In a recent decision approved for publication, the New Jersey Appellate Division reversed a trial court’s findings that the Sexual Assault Survivor Protection Act, N.J.S.A. 2C:14-13 to -21 (SASPA), could afford protection to victims of sexual assault whose attacks took place prior to the effective date of the Act in 2015.  In so holding, the court reversed the entry of a final protection order to a victim of sexual violence, who was assaulted in 2005, ten years prior to the enactment of SASPA.

The case of R.L.U. v. J.P. illustrates this principle.  In this case, the defendant pled guilty to endangering the plaintiff in 2005, when she was eleven years old.  He was sentenced to three years of jail time and parole for life.  In 2017, he interacted with the plaintiff at the convenience store where she worked and verbally threatened her.  A few days later, he appeared at the glass window of the plaintiff’s job and stared at her for five seconds before walking away.  The plaintiff applied for a temporary order of protection pursuant to SASPA.  A final protective order was then entered, after a hearing at which the trial court heard credible testimony that the defendant had intercourse with the plaintiff in 2005.  Relying upon that assault as the predicate act, the trial court entered a final order of protection pursuant to SASPA.

The Appellate Division reversed, albeit unwillingly, finding it was “constrained” to hold that SASPA was not intended to be applied retroactively.  Explaining the history and purpose of SASPA, the Court identified its purpose to extend protection from domestic violence to those individuals who do not meet the requirements of the Prevention of Domestic Violence Act (PDVA), but are victims of sexual violence.  The PDVA is the primary avenue by which an individual can obtain a protective (otherwise known as restraining) order in New Jersey.  However, to qualify as a “victim” under the PDVA, one must be a spouse, former spouse, co-parent, or person with whom the defendant had a dating relationship.  Accordingly the PDVA does not protect persons subject to sexual violence in a random encounter or in less than dating relationship.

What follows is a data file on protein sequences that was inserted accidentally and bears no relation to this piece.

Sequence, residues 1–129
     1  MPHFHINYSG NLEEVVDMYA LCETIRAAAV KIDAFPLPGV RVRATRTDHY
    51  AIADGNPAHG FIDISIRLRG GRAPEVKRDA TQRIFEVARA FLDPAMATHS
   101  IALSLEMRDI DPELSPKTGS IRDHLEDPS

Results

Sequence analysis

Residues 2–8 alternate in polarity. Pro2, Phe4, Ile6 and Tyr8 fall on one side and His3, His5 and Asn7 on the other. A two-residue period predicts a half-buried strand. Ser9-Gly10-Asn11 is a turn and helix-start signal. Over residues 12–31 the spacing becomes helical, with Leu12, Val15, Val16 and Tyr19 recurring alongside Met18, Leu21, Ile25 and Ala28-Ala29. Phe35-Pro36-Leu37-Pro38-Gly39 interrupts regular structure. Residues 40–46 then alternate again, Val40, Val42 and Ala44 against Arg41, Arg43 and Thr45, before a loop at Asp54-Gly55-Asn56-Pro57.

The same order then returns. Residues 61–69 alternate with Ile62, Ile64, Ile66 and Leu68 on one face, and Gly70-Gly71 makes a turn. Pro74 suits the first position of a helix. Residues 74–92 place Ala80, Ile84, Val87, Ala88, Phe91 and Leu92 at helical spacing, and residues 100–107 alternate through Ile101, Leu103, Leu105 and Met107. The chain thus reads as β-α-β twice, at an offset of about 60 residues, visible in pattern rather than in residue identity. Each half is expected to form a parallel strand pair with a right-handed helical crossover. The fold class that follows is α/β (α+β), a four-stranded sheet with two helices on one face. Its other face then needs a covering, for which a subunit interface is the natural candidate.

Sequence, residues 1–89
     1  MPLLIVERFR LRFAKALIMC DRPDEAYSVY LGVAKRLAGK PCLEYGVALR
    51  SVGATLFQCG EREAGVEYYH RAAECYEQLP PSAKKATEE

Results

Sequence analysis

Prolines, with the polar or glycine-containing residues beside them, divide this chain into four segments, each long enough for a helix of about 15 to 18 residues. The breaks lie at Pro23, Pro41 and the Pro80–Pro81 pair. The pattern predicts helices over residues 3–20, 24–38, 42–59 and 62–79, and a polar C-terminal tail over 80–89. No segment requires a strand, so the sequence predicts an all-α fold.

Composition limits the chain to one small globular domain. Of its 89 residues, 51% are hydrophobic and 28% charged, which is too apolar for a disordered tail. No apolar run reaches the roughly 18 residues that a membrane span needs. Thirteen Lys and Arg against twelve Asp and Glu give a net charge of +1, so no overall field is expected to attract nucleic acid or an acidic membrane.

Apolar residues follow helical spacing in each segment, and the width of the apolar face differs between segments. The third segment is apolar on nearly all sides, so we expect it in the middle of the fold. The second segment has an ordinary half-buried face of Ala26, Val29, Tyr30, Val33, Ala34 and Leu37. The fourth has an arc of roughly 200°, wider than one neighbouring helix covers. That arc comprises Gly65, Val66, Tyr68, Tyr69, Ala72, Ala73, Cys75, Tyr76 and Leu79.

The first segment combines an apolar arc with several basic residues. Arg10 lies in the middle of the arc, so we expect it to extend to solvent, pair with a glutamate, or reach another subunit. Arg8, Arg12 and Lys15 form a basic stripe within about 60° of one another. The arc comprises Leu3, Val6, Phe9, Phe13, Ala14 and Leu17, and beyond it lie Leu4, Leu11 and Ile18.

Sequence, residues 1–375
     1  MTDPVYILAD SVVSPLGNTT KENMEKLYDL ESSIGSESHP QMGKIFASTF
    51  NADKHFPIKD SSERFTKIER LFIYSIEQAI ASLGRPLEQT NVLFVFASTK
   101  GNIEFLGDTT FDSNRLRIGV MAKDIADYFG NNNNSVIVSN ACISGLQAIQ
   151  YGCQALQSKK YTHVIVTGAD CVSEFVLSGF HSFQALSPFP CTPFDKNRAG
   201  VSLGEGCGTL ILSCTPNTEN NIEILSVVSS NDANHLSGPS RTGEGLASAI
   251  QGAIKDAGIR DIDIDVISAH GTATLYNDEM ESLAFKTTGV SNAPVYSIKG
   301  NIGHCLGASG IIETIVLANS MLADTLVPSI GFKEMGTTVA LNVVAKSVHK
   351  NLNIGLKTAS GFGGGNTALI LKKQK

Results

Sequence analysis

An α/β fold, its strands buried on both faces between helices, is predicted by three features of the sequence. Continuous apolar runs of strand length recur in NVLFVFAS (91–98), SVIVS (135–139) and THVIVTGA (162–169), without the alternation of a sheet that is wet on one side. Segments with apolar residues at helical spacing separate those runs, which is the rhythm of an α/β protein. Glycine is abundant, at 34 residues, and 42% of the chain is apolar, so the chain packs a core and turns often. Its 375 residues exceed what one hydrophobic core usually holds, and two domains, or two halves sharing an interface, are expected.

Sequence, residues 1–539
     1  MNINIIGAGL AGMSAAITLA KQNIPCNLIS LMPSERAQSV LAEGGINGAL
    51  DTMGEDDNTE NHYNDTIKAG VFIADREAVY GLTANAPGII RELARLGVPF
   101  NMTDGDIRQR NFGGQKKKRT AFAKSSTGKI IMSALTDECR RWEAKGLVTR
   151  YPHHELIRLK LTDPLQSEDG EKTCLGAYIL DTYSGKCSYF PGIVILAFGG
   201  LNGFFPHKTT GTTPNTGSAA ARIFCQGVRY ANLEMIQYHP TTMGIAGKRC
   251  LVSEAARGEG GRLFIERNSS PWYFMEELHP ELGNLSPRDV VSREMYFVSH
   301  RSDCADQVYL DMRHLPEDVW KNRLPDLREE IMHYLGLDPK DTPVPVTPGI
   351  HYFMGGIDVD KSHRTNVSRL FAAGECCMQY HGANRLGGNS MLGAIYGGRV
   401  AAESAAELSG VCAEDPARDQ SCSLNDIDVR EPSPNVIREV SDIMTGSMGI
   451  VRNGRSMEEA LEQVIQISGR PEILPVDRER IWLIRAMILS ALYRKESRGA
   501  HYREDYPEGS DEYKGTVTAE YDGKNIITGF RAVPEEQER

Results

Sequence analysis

To bridge this gap, SASPA provides that any person alleging to be a victim of nonconsensual sexual contact, sexual penetration or lewdness (or an attempt thereof) who is not a protected victim under the PDVA, may apply for a protective order under SASPA.  However, the entry of a final protective order under SASPA requires a finding of nonconsensual sexual contact, penetration or lewdness and the possibility of future risk to the safety or well-being of the victim.  Importantly, words, threats or harassment is not enough.

Here, the trial court relied upon the predicate act of intercourse with the plaintiff in 2005.  The appellate court reversed, finding that this act could not constitute the predicate act as it occurred prior to SASPA’s enactment in 2015.  The court relied upon the absence of any legislative intent that SASPA was designed to apply retroactively and the fact that the PDVA is similarly applied prospectively.